Sara Cultural Centre Wins International Award for Wood Architecture

At the International Forum for Wood Construction in Nancy, Sara Cultural Centre was named the winner of the International Award for Wood Architecture. The annual award aims to reward the achievement of excellence carried out in the wood architecture industry.

With its 20 stories, Sara Cultural Centre is not only Skellefteå’s new landmark – it is also one of the world’s tallest wooden buildings that has attracted a lot of attention around the world for its sustainable design. This evening, the project, designed by White Arkitekter, received the International Award for Wood Architecture 2022 by the international press specialized in wood architecture.

We are very honored to receive this award whose aim is to stimulate the development of innovative architectural thinking using wood. Sara Cultural Centre draws attention because it is unusually tall and made of a lot of wood. But at the same time, it is a very local project, sprung from the community.
Oskar Norelius and Robert Schmitz, Lead Architects

Skellefteå has a long tradition of timber construction and a local timber industry, but many wood houses disappeared when the city centre was modernised. By combining the local timber tradition with innovative technology and engineering, the city’s wood heritage is now being brought into a new era. The main goal when designing Sara Cultural Centre was to point out the possibilities of using wood as a construction material for complex high-rise buildings to minimise the industry’s carbon footprint.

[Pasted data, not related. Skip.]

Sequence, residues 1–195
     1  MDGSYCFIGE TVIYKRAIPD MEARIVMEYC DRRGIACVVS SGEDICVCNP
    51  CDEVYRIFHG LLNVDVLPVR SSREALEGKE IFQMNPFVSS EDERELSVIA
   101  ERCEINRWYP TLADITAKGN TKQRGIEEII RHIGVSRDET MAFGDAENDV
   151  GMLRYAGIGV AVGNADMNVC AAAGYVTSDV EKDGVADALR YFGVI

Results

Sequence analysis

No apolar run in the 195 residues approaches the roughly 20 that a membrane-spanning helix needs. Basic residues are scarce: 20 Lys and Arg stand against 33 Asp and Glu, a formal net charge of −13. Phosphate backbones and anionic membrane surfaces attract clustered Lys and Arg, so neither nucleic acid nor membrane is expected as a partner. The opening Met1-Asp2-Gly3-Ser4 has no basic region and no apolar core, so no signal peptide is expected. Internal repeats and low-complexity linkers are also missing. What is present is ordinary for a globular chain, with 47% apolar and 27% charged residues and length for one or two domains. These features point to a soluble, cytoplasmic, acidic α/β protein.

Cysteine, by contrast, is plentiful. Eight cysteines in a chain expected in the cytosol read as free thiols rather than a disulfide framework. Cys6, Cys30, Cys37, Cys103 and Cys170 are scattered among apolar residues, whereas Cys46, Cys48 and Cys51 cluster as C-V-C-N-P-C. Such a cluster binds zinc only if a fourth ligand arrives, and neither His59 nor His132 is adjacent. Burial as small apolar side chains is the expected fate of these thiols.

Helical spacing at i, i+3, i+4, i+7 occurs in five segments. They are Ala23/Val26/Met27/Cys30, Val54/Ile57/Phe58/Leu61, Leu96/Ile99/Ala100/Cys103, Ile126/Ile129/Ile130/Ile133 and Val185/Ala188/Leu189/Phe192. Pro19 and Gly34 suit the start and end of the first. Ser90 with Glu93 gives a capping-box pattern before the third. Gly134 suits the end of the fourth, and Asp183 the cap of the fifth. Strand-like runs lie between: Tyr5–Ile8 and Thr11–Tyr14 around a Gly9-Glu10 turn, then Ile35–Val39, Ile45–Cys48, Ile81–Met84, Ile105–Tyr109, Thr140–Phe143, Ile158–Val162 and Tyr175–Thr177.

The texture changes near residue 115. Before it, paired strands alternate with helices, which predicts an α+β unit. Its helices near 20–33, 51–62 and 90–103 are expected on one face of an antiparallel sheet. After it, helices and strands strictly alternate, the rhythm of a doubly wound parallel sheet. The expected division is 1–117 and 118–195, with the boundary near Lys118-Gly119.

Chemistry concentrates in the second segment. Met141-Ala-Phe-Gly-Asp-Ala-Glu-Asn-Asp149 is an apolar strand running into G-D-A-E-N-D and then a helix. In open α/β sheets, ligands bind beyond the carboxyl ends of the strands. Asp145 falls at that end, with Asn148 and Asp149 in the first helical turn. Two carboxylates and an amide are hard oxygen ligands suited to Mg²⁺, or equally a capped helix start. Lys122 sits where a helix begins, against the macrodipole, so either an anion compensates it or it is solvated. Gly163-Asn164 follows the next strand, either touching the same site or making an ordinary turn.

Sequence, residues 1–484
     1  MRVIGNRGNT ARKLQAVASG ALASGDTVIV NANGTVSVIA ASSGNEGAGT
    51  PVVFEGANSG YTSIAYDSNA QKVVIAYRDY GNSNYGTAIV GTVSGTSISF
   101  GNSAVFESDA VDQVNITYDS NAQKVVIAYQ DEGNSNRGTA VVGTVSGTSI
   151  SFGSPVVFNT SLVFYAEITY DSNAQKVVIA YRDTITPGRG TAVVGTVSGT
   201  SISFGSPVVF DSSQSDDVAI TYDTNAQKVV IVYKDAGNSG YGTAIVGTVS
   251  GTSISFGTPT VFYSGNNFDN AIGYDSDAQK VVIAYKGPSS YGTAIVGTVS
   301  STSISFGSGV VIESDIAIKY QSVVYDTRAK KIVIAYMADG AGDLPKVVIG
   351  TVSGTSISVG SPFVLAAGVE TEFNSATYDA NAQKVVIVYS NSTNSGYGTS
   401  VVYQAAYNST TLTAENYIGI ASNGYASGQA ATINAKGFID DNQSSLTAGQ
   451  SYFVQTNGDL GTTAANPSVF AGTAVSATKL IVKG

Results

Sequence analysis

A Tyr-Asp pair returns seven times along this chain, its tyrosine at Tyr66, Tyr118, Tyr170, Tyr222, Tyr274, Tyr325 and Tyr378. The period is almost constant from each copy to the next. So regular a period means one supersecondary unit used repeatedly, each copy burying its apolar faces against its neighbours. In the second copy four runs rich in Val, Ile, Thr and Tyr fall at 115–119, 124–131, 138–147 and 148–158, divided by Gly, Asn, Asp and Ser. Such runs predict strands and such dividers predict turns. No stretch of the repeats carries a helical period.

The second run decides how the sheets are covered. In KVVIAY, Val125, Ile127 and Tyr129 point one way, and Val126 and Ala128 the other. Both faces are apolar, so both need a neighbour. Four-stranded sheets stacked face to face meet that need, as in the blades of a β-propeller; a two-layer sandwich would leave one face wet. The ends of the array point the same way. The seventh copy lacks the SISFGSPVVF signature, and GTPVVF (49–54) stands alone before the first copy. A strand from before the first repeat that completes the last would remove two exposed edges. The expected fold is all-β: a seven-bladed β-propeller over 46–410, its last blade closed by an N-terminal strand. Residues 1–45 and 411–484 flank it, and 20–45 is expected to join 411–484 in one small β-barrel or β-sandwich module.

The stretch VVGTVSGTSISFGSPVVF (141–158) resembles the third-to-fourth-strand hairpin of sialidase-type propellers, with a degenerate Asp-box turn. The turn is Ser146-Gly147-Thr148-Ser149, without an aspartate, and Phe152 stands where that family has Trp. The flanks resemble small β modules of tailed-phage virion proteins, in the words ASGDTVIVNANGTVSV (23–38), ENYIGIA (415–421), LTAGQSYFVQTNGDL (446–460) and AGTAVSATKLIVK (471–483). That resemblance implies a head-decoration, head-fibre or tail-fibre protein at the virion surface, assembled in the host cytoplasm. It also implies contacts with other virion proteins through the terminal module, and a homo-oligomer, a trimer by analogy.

In the context of the construction industry’s net zero transition, we have shown with Sara Cultural Centre that it is possible to build sustainably and climate-neutral even on a large scale and without compromising on aesthetics. So, there are no reasons to ignore sustainable solutions.
Oskar Norelius and Robert Schmitz

– The award is proof that here in Sweden we are capable of producing large and sustainable buildings in wood with architecture of outstanding international quality. Rising to 20 storeys, Sara Cultural Centre is the world’s tallest wooden building in terms of floors and evidence of the expertise that the Swedish wood industry possesses. The accolade shows that we have made huge advances in wood construction in Sweden, says Alexander Nyberg, who is responsible for the Nordic region’s biggest architecture magazine Trä! and a jury member for the International Award for Wood Architecture.

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